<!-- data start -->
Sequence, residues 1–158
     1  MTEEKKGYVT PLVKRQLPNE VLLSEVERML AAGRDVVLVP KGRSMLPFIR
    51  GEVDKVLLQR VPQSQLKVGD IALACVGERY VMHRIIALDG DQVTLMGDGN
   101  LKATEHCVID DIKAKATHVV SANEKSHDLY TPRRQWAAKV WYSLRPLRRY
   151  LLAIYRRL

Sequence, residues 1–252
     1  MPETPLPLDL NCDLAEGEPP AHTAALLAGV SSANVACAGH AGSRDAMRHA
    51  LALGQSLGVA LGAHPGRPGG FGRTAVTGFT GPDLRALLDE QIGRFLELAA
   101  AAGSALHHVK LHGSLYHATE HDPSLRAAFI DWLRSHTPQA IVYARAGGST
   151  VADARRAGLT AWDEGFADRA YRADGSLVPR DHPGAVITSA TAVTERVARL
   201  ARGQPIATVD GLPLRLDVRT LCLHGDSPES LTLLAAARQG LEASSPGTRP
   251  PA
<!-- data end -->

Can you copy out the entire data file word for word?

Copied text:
Sequence, residues 1–158
     1  MTEEKKGYVT PLVKRQLPNE VLLSEVERML AAGRDVVLVP KGRSMLPFIR
    51  GEVDKVLLQR VPQSQLKVGD IALACVGERY VMHRIIALDG DQVTLMGDGN
   101  LKATEHCVID DIKAKATHVV SANEKSHDLY TPRRQWAAKV WYSLRPLRRY
   151  LLAIYRRL

Sequence, residues 1–252
     1  MPETPLPLDL NCDLAEGEPP AHTAALLAGV SSANVACAGH AGSRDAMRHA
    51  LALGQSLGVA LGAHPGRPGG FGRTAVTGFT GPDLRALLDE QIGRFLELAA
   101  AAGSALHHVK LHGSLYHATE HDPSLRAAFI DWLRSHTPQA IVYARAGGST
   151  VADARRAGLT AWDEGFADRA YRADGSLVPR DHPGAVITSA TAVTERVARL
   201  ARGQPIATVD GLPLRLDVRT LCLHGDSPES LTLLAAARQG LEASSPGTRP
   251  PA